proclamation

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Proclamation

An act that formally declares to the general public that the government has acted in a particular way. A written or printed document issued by a superior government executive, such as the president or governor, which sets out such a declaration by the government.

proclamation

noun announcement, annunciation, declaration, decree, decretal, edict, edictum, exclamation, fiat, mandate, manifesto, message, notification, official pubbication, promulgation, pronouncement, public announceeent, public avowal, public notice, publication, recitation, rescript, statement
See also: adjudication, avouchment, canon, charge, charter, command, communication, declaration, decree, dictate, directive, disclosure, divulgation, issuance, notice, notification, order, ordinance, publication, publicity, report, statement

PROCLAMATION, evidence. The act of causing some state matters to be published or made generally known. A written or printed document in which are contained such matters, issued by proper authority; as the president's proclamation, the governor's, the mayor's proclamation. The word proclamation is also used to express the public nomination made of any one to a high office; as, such a prince was proclaimed emperor.
     2. The president's proclamation has not the force of law, unless when authorized by congress; as if congress were to pass an act, which should take effect upon the happening of a contingent event, which was to be declared by the president by proclamation to hive happened; in this case the proclamation would give the act the force of law, which, till then, it wanted. How far a proclamation is evidence of facts, see Bac. Ab. Ev. F; Dougl. 594, n; B. N. P. 226; 12 Mod. 216; 8 State Tr. 212; 4 M. & S. 546; 2 Camp. Rep. 44; Dane's Ab. eh. 96, a. 2, 3 and 4; 1 Scam. R. 577; Bro. h.t.

PROCLAMATION, practice. The declaration made by the cryer, by authority of the court, that something is about to be done.
     2. It usually commences with the French word Oyez, do you hear, in order to attract attention; it is particularly used on the meeting or opening of the court, and at its adjournment; it is also frequently employed to discharge persons who have been accused of crimes or misdemeanors.

References in periodicals archive ?
The Privy Council did not accept the view that the Royal Proclamation had been superseded by the Quebec Act of 1774; rather, the legality of the Proclamation was upheld and all the rights Amerindians possessed stemmed from the Royal Proclamation.
Miller calls the "first stage of Upper Canadian Treaty-making" (32) between the Royal Proclamation of 1763 and the beginning of the War of 1812, Great Britain acquired all the land along the Great Lakes and other boundary waters in southern Ontario.
Why were the Royal Proclamation of 1869 and other important historical documents, which were analyzed in great detail by the trial judge in Caron & Boutet, not raised or considered at all in either Mercure or Paquette?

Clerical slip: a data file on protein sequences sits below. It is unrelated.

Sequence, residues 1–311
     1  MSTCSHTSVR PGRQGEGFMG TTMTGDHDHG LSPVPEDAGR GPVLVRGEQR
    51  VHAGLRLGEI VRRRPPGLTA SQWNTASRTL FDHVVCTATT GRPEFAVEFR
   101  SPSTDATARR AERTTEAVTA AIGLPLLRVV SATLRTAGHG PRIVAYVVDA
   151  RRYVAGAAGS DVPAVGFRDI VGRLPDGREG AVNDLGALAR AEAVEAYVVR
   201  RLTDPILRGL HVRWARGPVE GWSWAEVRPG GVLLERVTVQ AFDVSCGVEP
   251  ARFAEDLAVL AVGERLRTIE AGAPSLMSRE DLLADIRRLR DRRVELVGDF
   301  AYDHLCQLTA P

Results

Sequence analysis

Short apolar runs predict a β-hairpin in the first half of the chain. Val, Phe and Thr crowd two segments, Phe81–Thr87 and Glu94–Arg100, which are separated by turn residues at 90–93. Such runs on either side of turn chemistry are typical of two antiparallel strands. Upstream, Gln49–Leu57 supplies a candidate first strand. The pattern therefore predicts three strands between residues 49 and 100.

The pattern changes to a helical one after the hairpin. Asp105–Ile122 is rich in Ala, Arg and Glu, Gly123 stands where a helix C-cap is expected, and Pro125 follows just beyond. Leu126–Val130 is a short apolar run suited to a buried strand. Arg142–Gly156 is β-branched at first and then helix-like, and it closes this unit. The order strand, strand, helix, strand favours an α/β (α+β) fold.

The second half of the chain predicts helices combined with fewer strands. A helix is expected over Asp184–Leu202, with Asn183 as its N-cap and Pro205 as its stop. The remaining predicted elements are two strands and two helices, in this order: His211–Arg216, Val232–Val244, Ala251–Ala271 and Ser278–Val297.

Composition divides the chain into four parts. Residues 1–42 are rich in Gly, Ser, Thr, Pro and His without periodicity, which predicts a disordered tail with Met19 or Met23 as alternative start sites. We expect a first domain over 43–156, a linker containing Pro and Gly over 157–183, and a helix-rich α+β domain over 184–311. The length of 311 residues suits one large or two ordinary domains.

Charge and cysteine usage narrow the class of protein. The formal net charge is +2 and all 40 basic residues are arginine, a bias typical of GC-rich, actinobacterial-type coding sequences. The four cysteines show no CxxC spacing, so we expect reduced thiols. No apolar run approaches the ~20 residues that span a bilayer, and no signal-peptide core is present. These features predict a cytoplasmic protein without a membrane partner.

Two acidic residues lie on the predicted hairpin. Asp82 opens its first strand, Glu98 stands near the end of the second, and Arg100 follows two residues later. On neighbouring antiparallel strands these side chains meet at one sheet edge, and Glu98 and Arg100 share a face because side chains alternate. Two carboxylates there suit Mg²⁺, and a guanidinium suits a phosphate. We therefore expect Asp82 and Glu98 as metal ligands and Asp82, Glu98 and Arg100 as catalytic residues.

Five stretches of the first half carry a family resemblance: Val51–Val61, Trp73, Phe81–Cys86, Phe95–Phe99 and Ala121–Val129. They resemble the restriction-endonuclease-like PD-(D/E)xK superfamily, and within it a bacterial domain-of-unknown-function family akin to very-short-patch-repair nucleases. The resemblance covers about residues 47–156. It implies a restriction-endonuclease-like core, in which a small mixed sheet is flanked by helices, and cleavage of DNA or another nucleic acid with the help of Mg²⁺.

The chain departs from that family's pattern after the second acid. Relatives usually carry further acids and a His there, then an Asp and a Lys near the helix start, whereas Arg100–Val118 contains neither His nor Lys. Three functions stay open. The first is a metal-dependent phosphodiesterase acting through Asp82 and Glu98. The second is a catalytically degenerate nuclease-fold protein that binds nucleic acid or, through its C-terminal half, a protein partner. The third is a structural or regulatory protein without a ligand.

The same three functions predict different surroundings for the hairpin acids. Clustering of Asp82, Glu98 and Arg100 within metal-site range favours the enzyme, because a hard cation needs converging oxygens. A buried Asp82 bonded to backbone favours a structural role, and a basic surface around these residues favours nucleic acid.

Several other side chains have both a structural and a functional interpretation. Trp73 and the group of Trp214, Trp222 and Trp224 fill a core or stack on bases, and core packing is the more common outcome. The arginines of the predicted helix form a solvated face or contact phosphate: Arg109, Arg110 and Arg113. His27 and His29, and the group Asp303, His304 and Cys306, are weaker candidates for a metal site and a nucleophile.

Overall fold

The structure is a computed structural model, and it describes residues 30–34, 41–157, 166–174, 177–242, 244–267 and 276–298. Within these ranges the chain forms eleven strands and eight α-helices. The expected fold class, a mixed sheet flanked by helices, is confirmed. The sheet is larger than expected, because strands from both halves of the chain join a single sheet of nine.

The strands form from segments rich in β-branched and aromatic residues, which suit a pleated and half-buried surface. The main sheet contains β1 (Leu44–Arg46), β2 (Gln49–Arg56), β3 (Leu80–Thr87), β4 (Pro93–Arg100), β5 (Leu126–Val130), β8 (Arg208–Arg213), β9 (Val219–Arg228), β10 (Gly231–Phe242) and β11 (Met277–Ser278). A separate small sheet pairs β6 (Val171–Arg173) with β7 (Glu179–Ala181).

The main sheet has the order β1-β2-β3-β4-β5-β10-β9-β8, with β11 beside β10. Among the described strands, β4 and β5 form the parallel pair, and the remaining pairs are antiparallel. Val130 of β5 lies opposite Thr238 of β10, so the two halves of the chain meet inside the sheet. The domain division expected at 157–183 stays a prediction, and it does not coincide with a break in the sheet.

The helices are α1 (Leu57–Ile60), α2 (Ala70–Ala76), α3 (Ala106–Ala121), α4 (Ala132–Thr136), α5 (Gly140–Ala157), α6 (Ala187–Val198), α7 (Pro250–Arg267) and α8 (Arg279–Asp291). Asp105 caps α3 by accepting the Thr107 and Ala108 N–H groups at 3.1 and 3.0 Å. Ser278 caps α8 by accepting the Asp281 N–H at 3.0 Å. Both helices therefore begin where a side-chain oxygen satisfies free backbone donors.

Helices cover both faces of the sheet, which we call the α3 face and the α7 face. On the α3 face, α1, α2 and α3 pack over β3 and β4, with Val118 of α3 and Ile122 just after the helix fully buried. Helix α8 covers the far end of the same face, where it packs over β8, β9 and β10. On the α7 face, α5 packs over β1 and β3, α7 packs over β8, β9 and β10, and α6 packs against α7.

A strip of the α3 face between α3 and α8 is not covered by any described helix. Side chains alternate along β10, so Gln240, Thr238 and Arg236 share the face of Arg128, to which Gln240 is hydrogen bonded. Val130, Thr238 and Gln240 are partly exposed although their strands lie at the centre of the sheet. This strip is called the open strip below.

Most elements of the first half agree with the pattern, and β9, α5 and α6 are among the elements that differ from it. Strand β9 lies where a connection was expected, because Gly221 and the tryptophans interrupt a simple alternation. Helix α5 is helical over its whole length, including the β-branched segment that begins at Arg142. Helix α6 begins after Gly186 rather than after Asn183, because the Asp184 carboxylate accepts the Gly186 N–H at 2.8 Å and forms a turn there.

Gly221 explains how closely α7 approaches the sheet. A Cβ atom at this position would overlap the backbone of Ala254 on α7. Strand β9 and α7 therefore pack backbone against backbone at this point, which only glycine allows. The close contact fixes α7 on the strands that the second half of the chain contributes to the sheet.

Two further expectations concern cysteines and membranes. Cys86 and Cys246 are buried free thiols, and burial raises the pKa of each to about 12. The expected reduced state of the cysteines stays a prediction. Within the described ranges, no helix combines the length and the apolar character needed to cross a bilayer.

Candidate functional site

Statutes were more often supplemented by royal proclamations than revised and reissued.
Although judges have often referred to the Royal Proclamation when affirming the inalienability of Aboriginal title, (10) it is nonetheless clear that a common law basis for the rule exists as well.
Walker casts the Royal Proclamation of 1763 in the same light as the Indian Act, emphasizing how the founding constitutional instrument of British Canada imposed an imperial monopoly over all future transactions with Native peoples involving commerce in furs, whiskey, and land title.
Even without a royal proclamation, this is still the case in most households in France.
To that end, they have called for a Royal Proclamation by the Queen--`a major, symbolic statement of intent, accompanied by the laws needed to turn intentions into action'.
This form of politeness is so prevalent in New York and Los Angeles that if a performer in any venue earns an income that can be counted in eight figures, he or she becomes, as if by royal proclamation, an artist.
Ottawa--Addressing what it described as a "cultural genocide" inflicted for over a century on Canada's Aboriginal peoples, the Truth and Reconciliation Commission (TRC) on June 2 issued 94 wide-ranging "Calls to Action," including the creation of a National Council for Reconciliation, a Royal Proclamation and a Covenant of Reconciliation.
The letter talks about Canada's nation-building history, the Royal Proclamation of 1763 and Peace and Friendship Treaties, the British North America Act, 1867, the Canadian Constitution of 1982, the Indian Act of 1876 and "systemic policies, programs, imposed legislations and institutional violations that are characteristic of racism.
The October 7, 1763 Royal Proclamation, as its 250th anniversary approaches, is justifiably hailed as the genesis of first peoples' singular, identified status within the Canadian constitutional structure.